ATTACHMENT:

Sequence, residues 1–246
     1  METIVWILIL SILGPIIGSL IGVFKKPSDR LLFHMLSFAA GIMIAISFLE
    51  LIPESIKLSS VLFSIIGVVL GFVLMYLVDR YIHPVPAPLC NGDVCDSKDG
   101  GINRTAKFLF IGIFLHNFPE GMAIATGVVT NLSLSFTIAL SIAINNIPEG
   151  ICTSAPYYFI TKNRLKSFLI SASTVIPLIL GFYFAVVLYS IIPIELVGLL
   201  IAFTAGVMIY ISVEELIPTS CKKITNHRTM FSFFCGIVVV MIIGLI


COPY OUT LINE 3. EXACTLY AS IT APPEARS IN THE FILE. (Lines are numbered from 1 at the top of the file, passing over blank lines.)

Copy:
    51  LIPESIKLSS VLFSIIGVVL GFVLMYLVDR YIHPVPAPLC NGDVCDSKDG